As the nights draw in and we head into winter after a turbulent and uncertain year for many it feels timely to reflect on the impact of Covid-19 on separated families. Here at DU we’ve seen a noticeable increase in parental alienation and delayed court hearings, and therefore an even greater need for our individualised support.
The Coronavirus Pandemic, either directly or indirectly, has infiltrated almost every aspect of our daily lives throughout 2020, but I want to focus on another public health emergency that hasn’t received the same level of media coverage or political debate: male suicide.
84 men take their lives each week. Men are three times as likely to die by suicide than women, and those under 45 continue to be considered the most at risk of death by suicide.
The challenges in accurately reporting and recording these numbers means that in all likelihood the percentage of young men who have sadly found life intolerable is much, much higher. In their latest report, The Office for National Statistics shows yet another significant increase year on year in the number of deaths. Let’s leave no doubt; this is an epidemic too.
To start treating this disease, we need to understand some of how it spreads. Suicide is extremely complex and there is rarely one single event or factor that leads to someone taking their own life. However, detrimental and outdated stereotypes of masculinity intertwine with societal pressure and expectation, leaving little space for showing and subsequently addressing poor mental health. We know that relationship breakdowns often compound feelings of shame, sadness, failure and anxiety. Add in the debt and loneliness experienced by many single parents and we have a potential recipe for disaster.
The good news is there are preventative treatment options. The simplest, if not easiest, is being given the space to talk and to be heard. Here at DU we facilitate opportunities to allow men to manage and externalise complex emotions via our helpline, our person-centred mentoring service, our monthly support group meeting, our community activities, our part-subsidised counselling service and our onward pastoral care.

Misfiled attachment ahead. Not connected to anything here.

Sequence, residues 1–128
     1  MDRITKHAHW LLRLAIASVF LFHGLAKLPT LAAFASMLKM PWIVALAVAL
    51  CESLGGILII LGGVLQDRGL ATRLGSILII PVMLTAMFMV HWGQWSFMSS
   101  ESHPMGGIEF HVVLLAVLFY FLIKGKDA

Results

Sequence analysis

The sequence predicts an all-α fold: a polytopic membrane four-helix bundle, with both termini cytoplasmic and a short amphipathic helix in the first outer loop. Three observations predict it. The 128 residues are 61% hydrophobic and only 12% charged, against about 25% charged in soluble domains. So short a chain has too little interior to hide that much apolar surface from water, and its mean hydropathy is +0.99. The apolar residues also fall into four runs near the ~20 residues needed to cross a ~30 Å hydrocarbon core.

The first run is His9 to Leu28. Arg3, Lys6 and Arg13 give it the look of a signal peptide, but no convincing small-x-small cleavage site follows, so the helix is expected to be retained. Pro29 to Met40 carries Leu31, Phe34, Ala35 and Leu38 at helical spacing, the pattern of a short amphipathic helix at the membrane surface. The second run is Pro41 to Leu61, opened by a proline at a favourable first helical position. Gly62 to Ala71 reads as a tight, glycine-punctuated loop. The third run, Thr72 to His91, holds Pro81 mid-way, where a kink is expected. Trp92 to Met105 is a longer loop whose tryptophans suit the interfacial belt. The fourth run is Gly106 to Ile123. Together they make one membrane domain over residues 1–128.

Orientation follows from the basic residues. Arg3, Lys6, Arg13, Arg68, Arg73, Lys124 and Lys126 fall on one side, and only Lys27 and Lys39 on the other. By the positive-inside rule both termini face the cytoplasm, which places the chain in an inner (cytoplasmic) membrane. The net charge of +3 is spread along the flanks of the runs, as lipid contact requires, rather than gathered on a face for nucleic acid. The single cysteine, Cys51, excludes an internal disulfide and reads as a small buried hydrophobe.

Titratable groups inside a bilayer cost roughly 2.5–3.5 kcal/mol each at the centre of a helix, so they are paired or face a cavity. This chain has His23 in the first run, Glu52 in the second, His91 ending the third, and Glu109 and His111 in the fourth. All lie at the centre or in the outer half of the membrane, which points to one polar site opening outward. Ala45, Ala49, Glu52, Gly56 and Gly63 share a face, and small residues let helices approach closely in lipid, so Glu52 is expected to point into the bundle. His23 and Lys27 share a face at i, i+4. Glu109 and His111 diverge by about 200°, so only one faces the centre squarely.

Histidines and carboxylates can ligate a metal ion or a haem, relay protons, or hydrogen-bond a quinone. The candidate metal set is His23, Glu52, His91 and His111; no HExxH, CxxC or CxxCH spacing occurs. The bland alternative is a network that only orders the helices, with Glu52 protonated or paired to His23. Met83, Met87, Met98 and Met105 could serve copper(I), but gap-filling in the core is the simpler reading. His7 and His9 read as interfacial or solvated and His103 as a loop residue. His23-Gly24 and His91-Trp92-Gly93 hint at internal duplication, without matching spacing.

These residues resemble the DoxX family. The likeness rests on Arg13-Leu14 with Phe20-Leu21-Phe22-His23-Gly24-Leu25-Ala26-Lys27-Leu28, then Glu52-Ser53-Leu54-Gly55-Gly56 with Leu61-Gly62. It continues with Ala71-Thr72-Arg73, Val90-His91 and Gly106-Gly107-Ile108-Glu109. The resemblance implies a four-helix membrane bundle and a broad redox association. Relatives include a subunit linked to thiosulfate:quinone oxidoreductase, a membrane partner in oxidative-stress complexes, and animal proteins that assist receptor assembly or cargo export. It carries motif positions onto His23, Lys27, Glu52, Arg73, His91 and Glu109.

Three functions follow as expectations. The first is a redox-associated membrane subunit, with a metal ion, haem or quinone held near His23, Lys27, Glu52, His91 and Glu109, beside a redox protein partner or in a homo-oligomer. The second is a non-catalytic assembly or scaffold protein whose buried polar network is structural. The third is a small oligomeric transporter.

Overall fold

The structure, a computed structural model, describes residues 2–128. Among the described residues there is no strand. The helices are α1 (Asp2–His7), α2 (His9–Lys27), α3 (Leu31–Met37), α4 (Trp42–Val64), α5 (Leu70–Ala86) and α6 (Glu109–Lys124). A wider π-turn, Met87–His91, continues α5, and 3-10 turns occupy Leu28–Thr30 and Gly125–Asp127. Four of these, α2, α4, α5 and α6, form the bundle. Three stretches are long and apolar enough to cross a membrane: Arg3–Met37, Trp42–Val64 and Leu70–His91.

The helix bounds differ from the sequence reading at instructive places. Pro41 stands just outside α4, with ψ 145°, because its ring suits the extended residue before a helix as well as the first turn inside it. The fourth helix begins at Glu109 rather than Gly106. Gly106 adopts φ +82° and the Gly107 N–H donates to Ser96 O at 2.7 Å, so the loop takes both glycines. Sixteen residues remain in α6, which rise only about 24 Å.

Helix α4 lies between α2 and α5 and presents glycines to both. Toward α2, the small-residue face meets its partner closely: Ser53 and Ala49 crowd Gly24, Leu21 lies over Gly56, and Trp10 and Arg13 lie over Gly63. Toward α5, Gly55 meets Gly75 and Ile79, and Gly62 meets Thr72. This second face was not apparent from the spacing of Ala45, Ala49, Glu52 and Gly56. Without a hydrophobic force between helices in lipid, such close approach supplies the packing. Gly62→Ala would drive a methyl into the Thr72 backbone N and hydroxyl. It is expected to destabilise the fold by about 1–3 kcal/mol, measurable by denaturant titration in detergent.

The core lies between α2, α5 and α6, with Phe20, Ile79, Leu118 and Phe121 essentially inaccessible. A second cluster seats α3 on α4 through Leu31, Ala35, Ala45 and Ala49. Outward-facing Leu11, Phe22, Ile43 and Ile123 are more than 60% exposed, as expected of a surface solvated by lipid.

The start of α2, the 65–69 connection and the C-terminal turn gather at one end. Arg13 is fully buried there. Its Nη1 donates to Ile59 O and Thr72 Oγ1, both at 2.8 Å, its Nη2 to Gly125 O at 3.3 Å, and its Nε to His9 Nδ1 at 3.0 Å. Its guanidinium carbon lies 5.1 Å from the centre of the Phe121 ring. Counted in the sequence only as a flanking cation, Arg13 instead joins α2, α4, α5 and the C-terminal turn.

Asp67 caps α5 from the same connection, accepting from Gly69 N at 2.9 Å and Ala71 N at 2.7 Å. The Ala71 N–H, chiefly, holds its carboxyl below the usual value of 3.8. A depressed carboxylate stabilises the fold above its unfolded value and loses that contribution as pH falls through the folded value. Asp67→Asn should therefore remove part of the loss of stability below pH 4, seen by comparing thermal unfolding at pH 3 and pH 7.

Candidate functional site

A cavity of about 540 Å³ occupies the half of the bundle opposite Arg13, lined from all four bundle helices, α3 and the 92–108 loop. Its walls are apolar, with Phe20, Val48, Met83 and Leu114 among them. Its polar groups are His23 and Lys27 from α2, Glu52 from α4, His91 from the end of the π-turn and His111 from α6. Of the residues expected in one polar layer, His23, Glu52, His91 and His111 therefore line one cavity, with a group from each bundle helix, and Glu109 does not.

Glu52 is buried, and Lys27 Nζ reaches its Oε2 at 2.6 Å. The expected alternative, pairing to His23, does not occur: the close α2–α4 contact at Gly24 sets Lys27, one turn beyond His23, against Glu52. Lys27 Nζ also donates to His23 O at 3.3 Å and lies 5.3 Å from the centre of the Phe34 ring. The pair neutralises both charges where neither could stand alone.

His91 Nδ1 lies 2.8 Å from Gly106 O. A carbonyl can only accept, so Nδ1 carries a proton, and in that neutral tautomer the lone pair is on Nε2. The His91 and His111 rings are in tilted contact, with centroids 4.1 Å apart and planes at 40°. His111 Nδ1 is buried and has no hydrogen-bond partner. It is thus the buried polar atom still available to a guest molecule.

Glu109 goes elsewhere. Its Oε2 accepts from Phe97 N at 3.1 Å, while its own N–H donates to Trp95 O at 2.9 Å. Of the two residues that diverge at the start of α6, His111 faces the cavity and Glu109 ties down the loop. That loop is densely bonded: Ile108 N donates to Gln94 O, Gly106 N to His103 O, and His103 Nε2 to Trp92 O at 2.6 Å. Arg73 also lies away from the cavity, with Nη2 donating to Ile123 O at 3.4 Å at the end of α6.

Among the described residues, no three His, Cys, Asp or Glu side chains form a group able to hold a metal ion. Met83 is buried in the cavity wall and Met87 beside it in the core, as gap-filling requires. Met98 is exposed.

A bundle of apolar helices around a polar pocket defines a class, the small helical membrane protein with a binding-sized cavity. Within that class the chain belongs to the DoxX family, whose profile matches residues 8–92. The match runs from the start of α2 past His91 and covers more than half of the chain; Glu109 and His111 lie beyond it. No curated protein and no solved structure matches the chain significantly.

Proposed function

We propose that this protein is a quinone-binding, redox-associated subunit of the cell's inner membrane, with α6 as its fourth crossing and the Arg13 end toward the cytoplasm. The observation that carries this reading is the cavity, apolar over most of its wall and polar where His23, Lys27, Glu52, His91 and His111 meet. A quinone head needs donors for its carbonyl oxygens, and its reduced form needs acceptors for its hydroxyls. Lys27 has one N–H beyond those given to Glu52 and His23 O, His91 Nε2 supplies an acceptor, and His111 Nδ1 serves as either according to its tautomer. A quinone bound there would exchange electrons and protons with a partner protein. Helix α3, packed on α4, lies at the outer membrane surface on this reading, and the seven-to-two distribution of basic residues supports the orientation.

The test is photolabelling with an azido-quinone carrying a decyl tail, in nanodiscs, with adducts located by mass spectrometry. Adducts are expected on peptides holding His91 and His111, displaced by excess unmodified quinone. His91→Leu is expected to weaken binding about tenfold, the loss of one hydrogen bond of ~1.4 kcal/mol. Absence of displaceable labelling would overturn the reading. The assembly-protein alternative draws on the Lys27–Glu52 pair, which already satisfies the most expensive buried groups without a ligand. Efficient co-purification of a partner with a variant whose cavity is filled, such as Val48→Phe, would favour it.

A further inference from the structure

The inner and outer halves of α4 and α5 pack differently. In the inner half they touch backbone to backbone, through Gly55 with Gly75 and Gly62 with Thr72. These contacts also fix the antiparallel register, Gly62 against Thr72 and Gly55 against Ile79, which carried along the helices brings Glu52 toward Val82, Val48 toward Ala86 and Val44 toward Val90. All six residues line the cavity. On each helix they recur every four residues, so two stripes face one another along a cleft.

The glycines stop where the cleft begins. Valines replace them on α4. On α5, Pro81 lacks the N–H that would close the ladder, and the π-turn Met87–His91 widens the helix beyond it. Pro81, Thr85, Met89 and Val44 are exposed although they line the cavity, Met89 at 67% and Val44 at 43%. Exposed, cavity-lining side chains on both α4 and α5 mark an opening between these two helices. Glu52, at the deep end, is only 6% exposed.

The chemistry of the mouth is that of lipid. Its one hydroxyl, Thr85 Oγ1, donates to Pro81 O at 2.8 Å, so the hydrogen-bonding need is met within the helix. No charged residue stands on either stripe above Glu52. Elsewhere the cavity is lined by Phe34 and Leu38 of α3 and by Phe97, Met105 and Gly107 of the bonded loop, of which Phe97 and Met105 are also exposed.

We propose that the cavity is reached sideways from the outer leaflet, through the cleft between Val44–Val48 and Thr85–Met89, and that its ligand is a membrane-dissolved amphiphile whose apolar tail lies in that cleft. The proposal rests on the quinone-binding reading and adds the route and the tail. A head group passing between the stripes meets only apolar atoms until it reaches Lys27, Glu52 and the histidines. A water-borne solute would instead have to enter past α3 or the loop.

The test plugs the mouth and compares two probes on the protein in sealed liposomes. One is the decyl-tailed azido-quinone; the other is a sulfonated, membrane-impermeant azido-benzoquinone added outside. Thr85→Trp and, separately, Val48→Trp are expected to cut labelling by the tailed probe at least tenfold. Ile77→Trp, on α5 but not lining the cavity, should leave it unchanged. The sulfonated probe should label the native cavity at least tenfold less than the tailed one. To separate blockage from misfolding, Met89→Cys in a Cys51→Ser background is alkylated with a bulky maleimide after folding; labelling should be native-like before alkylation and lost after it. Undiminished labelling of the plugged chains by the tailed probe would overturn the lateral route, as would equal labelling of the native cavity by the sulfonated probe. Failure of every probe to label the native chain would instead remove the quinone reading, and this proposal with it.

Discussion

But how does talking about our thoughts, feelings and behaviours help? The ability to express, understand and manage our own emotions enables us to better understand and respond to the needs of others. Emotionally literate parents therefore are better equipped to co-parent, to enable their children to express their views, feelings and wishes in all matters affecting them, and to take their views seriously.
The UN Convention on the Rights of the Child recognises in article 39 that children who have experienced trauma need special support to help them recover their health, dignity, self-respect and social life. I’d argue that the same applies to adults too, especially when we recognise that divorce or separation is a traumatic life event. The DU wrap-around service built upon the foundations of advice, support and community provides this necessary special support.
If you, or someone you care about is struggling with their mental health because of the impact of relationship breakdown and family separation, let’s see how we can help. We’re here to listen.
International Men’s Day falls on November 19th each year, celebrating the worldwide positive value men bring. Looking back on this year’s theme, ‘Better Health for Men and Boys’ is a reminder to prioritise our health and wellbeing especially when things get tough. Let’s commend the wonderful contributions that good men make to society, community, family and parenting, and invest the time and effort needed to prevent them coming to harm.
When life is difficult, Samaritans are here – day or night, 365 days a year.
Mental Health Matters.
Text the word Kent to 85258 or phone 0800 107 0160 available 24/7.
Family Separation Advice, Support, & Community:
Dads Unlimited 01233 680150